YouTube Channel: http://www.youtube.com/user/MarkOConnor
"We Hide And Seek"
Mark O'Connor - Guitar
Jerry Douglas - Dobro
Alison Brown - Banjo
Stuart Duncan - Fiddle
Sam Bush - Mandolin
Roy Huskey Jr. - Bass
Music Director: Mark O'Connor - TNN
American Music Shop Band
Mark O'Connor; violin, bandleader and music director
Jerry Douglas; Dobro, Lap Steel
Brent Mason/Brent Rowan; Guitars
John Jarvis/Matt Rollings; Keyboards;
Glen Worf; Bass
Harry Stinson; Drums, Background Vocals
Producer; Rusty Wilcoxen
Director; Dennis Globe
Sound Mixer; Kim Raymer
Executive Producer, Show Creator; Brian O'Neill
American Music Shop on TNN in Nashville featured Mark O'Connor as bandleader accompanying various musical guests each week. (1990-1993)
Tnn's `American Music Shop' Brings Top Performers Together
July 03, 1993|By Wayne Bledsoe, Scripps-Howard News Service.
NASHVILLE — On a network filled with music, "The American Music Shop" stands out.
Nearly every show of the Nashville Network's "American Music Shop" (9 p.m. and 1 a.m. Tuesdays, TNN) is an event: Country diva Emmylou Harris performs with new star Trisha Yearwood; legendary singer-songwriter John Prine trades songs with upcoming singer-songwriter John Wesley Harding; young country star Dwight Yoakam picks with bluegrass great Ralph Stanley; Ireland's foremost band, the Chieftains, performs with Ricky Skaggs and Chet Atkins.
It's a show where individual music artists perform together, often for the first time, backed up by some of the best session players in music.
On one recent show, the host was Nanci Griffith, and it includes some of Griffith's favorite songwriters-Janis Ian, Townes Van Zandt, Jerry Jeff Walker and Frank Christiansen.
Backstage, at a television studio in Opryland, there is a happy buzz. The artists joke, eat and prepare for their parts on the show, while the artists' management and TNN employees keep things moving. On the soundstage, the house band runs through the night's numbers.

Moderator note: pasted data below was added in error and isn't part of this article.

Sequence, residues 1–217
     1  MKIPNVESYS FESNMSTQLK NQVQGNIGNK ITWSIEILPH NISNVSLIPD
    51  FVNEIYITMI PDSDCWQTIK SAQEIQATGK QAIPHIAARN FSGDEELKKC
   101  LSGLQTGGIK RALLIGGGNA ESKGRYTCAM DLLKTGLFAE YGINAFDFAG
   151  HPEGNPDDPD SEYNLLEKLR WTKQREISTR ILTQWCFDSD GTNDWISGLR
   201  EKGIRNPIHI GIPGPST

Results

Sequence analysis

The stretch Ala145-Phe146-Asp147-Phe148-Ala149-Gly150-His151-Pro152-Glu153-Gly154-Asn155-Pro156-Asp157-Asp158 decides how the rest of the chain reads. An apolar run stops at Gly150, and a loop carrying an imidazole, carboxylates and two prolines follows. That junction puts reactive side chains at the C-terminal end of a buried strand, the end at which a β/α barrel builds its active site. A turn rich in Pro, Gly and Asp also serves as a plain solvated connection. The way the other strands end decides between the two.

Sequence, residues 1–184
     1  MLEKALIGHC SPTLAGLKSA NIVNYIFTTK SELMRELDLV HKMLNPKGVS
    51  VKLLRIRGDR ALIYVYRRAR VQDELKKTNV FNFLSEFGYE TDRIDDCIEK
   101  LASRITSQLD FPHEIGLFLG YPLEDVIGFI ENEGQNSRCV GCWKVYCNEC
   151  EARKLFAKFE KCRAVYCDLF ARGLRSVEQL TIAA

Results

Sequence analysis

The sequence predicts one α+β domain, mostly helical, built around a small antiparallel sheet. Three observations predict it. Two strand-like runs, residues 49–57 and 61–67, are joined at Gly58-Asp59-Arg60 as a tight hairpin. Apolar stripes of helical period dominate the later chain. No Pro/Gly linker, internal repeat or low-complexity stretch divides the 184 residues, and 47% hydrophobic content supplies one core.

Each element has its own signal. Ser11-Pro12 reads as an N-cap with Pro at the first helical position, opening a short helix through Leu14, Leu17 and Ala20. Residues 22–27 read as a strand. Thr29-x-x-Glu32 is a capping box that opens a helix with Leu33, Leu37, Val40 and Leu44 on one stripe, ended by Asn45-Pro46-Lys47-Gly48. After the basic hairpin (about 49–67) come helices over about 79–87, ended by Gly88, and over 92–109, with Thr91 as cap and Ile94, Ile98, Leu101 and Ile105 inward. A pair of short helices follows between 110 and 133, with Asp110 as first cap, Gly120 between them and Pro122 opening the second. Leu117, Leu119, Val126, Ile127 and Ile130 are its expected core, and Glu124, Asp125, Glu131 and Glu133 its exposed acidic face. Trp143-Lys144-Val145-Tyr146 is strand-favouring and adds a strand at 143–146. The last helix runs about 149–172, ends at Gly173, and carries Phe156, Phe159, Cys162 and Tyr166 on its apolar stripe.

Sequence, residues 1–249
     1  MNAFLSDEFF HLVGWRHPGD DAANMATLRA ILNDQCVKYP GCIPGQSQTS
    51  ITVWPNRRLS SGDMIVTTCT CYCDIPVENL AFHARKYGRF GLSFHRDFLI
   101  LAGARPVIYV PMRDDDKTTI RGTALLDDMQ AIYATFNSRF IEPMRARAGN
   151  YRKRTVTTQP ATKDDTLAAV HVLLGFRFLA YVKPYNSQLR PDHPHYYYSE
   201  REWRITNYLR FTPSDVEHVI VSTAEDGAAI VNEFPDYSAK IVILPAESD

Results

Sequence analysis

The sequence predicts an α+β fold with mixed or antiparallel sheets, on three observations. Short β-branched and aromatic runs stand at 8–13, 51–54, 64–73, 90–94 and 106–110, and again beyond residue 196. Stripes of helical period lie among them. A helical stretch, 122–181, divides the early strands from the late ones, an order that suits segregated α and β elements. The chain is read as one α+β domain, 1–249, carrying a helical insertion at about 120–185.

"American Music Shop" premiered in March 1990. The show's creator and executive producer, Brian O'Neill, says the idea was to make each week's musical host a person known to most country music fans, then slip in lesser known talented artists-most often people whom the host liked. That way, he says, both the audience and the artists win.
The show, TNN's fourth most popular program, seems to be a particular favorite among other musicians.
It doesn't hurt that the members of the house band have followings in their own right.
Led by master violinist, guitarist, mandolinist Mark O'Connor, the band includes Jerry Douglas, a man who has nearly reinvented the dobro; guitarist Brent Mason; bassist Glen Worf; drummer Harry Stinson; and keyboardists John Jarvis and Matt Rollings.
"In developing the show, I sold the network on getting the very best possible house band that we could get," O'Neill says.
"And that was going to be part of the draw for the show-at least from the artist's perspective."
O'Connor, probably the most popular session musician in Nashville at the time, was thrilled with the prospect.
He says the show offered the first chance for television audiences to get a look at how Nashville's studio musicians work.